I like your attitude.. but be careful
Omaima Al Najjar

Laylah said...

Hi!

thanks, yes I will be careful and inshallah I wont get into trouble with muttawa :)

Tara Umm Omar said...

Kudos to you for wearing a blue abayah! There is nothing in Islam that says we must always wear a black abayah. Have you had any stares by the people when you're out and about in Riyadh?

Tara Umm Omar said...

Also are you married to a Saudi?

Laylah said...

yes I do get quite a few stares, more from women than from men though, alhamdulillah I am not trying to attract mens attention but to make a statement :)
Usually younger girls will whisper and point at me and giggle, older women will just stare.. wonder what is going on in their minds!

Tara Umm Omar said...

Masha'Allah you are very brave. I hate to draw attention to myself so couldn't fathom wearing any color abayah except black here.

Basma said...

i say GOOD FOR YOU! be different! who said there was anything wrong w/ that??

Anonymous said...

Salam Layla, can you put your picture with this colour of abaya? Is it really such light like a colour of your blog?
Greetings from Poland

Nadia

Laylah said...

Salaam Nadia!
I wouldnt dare wear a light blue abaya in Riyadh-instant jail sentence!
Its the color of my banner, and now I have added a picture of it too :)

Anonymous said...

Thank you very much. It's nice colour. What about Saudi women? Do they comment your style, or it's popular>

Nadya

UMAR said...

Assalamu alaikum,
I like this word from ur article **I really hate being part of the masses.** Your way of explaining the event in all the article are very nice.Now i starts reading all your post and i expect your post in future also.insha allah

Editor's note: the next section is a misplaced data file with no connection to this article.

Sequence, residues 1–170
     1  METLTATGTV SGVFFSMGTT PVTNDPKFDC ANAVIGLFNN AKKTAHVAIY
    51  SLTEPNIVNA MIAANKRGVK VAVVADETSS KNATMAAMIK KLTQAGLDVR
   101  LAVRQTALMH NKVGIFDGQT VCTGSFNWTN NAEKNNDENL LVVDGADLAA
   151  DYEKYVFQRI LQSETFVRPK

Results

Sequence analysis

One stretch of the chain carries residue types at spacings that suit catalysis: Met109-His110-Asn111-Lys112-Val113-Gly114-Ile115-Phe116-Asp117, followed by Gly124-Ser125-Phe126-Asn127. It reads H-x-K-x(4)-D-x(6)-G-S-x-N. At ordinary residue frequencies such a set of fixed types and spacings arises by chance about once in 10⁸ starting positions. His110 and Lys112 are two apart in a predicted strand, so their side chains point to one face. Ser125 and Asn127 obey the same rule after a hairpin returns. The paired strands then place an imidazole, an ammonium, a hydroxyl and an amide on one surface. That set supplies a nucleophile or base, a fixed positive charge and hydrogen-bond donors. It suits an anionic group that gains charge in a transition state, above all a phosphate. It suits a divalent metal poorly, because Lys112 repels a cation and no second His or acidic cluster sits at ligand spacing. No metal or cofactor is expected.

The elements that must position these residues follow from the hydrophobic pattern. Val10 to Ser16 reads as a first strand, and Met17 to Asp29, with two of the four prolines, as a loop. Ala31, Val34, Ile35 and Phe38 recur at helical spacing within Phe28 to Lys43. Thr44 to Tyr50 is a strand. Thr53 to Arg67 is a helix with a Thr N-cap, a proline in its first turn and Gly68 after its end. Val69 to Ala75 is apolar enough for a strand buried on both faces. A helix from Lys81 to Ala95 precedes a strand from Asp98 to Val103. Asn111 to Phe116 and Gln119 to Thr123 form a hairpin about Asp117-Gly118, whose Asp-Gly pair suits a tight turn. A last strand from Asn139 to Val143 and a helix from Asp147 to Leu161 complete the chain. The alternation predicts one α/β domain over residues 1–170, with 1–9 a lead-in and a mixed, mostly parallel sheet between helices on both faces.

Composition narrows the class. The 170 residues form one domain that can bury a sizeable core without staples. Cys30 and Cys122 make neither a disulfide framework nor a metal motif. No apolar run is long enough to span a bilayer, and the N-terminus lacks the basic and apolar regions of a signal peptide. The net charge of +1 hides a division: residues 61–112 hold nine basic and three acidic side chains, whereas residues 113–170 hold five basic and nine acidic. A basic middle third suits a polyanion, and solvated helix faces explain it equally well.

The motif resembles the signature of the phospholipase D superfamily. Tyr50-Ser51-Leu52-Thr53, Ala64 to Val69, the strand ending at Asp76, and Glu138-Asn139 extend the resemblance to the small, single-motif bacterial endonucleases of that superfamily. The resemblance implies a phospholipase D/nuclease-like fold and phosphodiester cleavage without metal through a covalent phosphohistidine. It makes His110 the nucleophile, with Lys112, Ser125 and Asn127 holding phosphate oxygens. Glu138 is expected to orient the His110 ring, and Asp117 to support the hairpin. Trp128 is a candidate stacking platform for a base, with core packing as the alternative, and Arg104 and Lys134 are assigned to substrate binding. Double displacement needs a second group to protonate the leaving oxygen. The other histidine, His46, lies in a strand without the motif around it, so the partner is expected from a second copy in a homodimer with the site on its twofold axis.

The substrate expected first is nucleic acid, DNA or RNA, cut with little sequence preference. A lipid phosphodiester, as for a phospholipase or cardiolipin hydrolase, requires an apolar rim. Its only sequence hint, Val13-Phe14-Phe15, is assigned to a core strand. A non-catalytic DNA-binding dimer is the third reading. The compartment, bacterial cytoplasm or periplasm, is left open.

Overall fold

Sofija said...

I would like though transmit (reschedule) on moment and lose in this crowd :)

I am a Muslimah said...

Assalamualaikum Layla. I love your attitude and your courage mashaAllah. May Allah bless you. I had one question. In one of the comments, you said that you would immediately be put to jail if you wore a light blue abaya in Riyadh. Why is that?

Laylah said...

I don't think a very light color abaya would be viewed as ok by the religious police so they most likely could arrest you for it :(

Anonymous said...

Hello Laylah, I loved your blog!!!
After reading this article, one question came to my mind: Would it be allowed (for Afgan women, for example)to wear Burkha in Saudi Arabia? In eneral, burkhas are light blue in color...

Thanks and best regards,
Iva

Laylah said...

Hello Iva!
Thanks for stopping by glad you liked it!
That's a very good question about the afghani burkha!I would say wearing it in Jeddah medina or Mecca would be fine but Riyadh I'm not sure really!perhaps they would get stopped and advised to change into a black one.

Anonymous said...

I enjoy your blog!

I'm an American about to move next month to Riyadh to teach English. I'm no stranger to wearing an abaya and hijab, having previously lived in Yemen (until things got too heated this past March). My head scarves are rather colorful and were fine for Yemen; however, I haven't found any reference to wearing colorful and/or patterned hijabs---that is, anything other than a solid black---in Riyadh. Please enlighten me.